In recent years, many scientists have paid considerable attention to astronomical observation, physical research, and deep space exploration of small bodies, including asteroids, comets, and satellites, and so on. For example, planetary scientist Carry collected mass and volume estimates of 17 near-Earth asteroids, 230 main-belt and Trojan asteroids, 12 comets, and 28 trans-Neptunian objects from the known literature [12]. The accuracy and biases affecting the methods used to estimate these quantities were discussed and best-estimates were strictly selected. For the asteroids in retrograde orbit, there are at least 50 known moons of Jupiter’s that are retrograde, some of which are thought to be asteroids or comets that originally formed near the gas giant and were captured when they got too close. Kankiewicz and Włodarczyk selected the 25 asteroids with the best-determined orbital elements and then estimated their dynamical lifetimes by using the latest observational data, including astrometry and physical properties [13]. However, few researchers have tried to extrapolate the distribution of Jupiter’s satellites through statistical methods as yet.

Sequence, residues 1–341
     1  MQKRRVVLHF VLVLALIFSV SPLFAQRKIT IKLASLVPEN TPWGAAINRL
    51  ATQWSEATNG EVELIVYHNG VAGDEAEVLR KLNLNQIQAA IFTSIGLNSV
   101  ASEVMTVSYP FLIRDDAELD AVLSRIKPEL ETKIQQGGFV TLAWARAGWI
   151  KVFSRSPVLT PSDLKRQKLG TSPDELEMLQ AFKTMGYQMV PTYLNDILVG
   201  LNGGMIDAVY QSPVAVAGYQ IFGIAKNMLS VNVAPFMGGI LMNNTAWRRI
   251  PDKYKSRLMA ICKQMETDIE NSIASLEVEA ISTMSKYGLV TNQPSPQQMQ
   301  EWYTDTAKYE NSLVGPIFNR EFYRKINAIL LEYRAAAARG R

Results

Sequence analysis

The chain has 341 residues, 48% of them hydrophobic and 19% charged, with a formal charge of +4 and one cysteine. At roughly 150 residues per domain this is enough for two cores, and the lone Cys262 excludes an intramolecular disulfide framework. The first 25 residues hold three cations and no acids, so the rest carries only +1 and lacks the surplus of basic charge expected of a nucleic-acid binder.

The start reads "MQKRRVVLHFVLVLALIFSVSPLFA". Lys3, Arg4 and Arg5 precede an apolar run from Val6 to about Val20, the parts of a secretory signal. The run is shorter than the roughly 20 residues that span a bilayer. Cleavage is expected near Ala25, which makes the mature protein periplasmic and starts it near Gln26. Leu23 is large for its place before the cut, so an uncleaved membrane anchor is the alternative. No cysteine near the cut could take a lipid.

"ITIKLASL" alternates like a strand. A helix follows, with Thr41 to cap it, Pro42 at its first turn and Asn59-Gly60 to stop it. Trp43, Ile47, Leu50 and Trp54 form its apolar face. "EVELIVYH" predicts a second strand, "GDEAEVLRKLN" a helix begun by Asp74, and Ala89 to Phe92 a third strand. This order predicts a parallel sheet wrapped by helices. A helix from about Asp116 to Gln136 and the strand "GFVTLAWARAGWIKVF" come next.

In this paper, distributions of physical and orbital properties for the moons of Jupiter will be conducted by using one-sample Kolmogorov-Smirnov (K-S) test and maximum likelihood estimation [14–16]. Based on the analysis of satellites’ data, it is found surprisingly that the physical and orbital characteristics obey some distribution, such as Birnbaum-Saunders distribution [17], logistic distribution, Weibull distribution, and* t* location-scale distribution. Furthermore, the probability density curves of the data distribution are generated, and the differences of physical and orbital characteristics in the three groups are presented. In addition, the results of theoretical inference results are then proved to be feasible through one concrete example. Therefore, the results may be helpful to astronomers to discover new moons of Jupiter in the future.